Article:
Rice admits DAZN has faced "some unique challenges" in Canada, but said he's "confident" they'll be fixed in the next few weeks.

DAZN is supposed to allow subscribers in Canada to stream any NFL game live, but the service has more than a few glitches, viewers report. (DAZN)

While the audio problems during the Chiefs-Patriots game netted the highest volume of complaints, Rice said the company is currently focused on reducing lag time for Canadians — an issue identified during beta testing over the summer and into the NFL's pre-season games as they figured out which devices are most popular in this market.

"One of the challenges we've faced [is] not everybody is experiencing the same experience," he said. "This is a bit more complex than a set-top box and the program feeds that run through them; these are multiple devices."

Rice also noted while most viewers are connecting to DAZN in HD, some have been unable to due to connectivity issues. Some solutions will be put in place this weekend, he said, and further enhancements will be made down the road.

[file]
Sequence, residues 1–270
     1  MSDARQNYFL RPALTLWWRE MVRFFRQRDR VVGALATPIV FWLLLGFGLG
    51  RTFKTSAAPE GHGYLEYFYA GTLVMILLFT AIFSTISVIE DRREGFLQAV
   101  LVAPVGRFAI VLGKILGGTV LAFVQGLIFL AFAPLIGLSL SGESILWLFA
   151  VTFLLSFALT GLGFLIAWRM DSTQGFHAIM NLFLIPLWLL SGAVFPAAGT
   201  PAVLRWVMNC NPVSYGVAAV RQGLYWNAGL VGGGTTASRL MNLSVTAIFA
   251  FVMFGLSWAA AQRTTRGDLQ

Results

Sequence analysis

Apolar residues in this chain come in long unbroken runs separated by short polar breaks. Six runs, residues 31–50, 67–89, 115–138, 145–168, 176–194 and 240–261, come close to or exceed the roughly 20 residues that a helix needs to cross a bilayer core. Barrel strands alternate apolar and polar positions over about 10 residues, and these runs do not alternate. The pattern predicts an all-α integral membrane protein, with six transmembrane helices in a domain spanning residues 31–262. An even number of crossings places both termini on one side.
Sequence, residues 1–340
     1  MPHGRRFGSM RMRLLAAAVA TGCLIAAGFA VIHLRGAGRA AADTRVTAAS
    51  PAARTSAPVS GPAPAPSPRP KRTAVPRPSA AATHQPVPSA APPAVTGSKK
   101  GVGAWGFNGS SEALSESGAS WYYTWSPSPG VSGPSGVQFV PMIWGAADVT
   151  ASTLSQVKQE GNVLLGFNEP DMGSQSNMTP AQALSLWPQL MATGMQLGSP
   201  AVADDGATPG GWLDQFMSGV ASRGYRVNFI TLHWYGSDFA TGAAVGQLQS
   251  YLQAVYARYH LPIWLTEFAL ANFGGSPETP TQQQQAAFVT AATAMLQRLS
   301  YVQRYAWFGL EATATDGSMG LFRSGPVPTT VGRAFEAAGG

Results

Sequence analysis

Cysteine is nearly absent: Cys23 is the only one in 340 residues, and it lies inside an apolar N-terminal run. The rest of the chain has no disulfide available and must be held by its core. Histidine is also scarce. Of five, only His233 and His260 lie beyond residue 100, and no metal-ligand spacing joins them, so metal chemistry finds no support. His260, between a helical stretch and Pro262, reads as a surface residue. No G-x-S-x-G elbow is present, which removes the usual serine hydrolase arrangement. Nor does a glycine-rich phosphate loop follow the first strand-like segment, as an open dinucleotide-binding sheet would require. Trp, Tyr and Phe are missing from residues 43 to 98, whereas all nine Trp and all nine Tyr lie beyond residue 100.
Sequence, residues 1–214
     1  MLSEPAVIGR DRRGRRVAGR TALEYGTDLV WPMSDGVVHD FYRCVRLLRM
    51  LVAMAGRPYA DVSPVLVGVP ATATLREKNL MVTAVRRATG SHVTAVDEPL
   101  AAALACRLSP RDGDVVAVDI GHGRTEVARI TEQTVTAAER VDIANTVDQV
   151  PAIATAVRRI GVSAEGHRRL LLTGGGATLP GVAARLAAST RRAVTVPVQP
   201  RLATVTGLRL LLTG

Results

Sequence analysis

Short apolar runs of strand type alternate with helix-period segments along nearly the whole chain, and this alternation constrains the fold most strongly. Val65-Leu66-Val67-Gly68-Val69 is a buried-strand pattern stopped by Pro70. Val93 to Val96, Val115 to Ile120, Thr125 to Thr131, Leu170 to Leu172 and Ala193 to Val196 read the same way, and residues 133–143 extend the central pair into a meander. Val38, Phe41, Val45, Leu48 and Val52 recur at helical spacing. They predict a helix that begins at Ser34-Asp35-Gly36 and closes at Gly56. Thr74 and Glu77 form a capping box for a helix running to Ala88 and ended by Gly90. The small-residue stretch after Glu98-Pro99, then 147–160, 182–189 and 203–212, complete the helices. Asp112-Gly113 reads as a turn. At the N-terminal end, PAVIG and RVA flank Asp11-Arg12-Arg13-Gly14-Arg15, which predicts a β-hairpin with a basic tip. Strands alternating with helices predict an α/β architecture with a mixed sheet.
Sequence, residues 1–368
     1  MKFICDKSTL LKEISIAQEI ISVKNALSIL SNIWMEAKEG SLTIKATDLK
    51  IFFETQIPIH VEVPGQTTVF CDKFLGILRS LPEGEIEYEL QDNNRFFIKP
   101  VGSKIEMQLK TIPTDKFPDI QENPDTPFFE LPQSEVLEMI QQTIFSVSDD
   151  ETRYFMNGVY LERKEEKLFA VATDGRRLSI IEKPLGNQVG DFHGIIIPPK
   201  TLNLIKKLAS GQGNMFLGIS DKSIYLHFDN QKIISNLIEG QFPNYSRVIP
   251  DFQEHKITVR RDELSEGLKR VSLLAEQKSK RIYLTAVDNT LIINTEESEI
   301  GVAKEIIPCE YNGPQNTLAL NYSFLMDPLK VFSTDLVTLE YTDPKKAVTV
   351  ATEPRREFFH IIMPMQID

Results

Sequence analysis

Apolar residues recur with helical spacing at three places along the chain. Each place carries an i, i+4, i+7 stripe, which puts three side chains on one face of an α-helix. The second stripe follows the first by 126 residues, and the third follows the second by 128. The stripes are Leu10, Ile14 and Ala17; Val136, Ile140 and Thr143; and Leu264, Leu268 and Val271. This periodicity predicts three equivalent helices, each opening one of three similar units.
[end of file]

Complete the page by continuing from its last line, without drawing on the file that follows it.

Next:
DAZN is reaching out to affected customers and will be offering some refunds, Rice said, and the company will also be extending its free trial period.

"We're hopefully going to be a welcome addition to the Canadian broadcast landscape," he said. "Hopefully, the patience that some of our users have given us to date, we'll be able to repay that with a really strong and solid service in the coming weeks and months."

As a fantasy football fan, one of Meade's biggest beefs with the service is that time lag; he says he's learning about what's happening in the game from his fantasy football app, not the game he's actually watching.

"It's not only spoiling the surprise, it's ruining my NFL experience," he said.

CBC News contacted the NFL for comment, but did not receive a response.

With files from Amy Husser